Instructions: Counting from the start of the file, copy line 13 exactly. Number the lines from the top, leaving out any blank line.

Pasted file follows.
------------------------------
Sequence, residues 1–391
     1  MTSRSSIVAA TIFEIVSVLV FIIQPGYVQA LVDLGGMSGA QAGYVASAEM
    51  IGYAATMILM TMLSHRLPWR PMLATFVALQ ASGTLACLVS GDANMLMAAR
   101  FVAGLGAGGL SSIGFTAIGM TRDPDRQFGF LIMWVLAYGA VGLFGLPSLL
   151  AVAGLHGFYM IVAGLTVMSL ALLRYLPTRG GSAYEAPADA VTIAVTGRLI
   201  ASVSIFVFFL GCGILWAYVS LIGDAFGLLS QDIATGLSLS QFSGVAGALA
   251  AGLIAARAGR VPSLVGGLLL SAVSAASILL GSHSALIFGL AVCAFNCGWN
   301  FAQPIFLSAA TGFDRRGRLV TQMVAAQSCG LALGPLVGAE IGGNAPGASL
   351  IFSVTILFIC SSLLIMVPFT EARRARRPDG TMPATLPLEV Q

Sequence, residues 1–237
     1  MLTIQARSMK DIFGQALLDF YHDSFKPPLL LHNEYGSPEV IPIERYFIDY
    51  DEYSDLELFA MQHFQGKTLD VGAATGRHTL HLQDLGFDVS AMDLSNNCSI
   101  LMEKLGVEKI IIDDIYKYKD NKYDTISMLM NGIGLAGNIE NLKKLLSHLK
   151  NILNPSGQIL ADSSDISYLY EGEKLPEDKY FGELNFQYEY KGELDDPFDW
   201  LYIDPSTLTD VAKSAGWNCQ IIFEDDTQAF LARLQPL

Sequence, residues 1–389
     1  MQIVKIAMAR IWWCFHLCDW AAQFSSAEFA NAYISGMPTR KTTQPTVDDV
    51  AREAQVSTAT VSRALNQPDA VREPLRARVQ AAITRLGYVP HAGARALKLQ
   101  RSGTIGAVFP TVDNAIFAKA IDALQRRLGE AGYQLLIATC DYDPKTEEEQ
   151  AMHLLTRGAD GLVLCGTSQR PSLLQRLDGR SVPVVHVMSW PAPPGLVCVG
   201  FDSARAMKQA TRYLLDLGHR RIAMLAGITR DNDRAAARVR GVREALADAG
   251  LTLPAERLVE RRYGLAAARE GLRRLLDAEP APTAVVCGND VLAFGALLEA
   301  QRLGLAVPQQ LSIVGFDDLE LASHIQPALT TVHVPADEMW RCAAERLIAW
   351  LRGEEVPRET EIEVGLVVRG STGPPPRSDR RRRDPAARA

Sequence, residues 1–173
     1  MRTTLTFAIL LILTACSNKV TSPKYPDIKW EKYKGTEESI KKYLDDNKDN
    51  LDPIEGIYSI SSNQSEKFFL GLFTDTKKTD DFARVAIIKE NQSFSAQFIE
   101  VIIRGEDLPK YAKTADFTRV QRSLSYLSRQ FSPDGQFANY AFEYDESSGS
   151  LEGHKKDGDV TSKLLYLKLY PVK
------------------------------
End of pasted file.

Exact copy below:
   101  LMEKLGVEKI IIDDIYKYKD NKYDTISMLM NGIGLAGNIE NLKKLLSHLK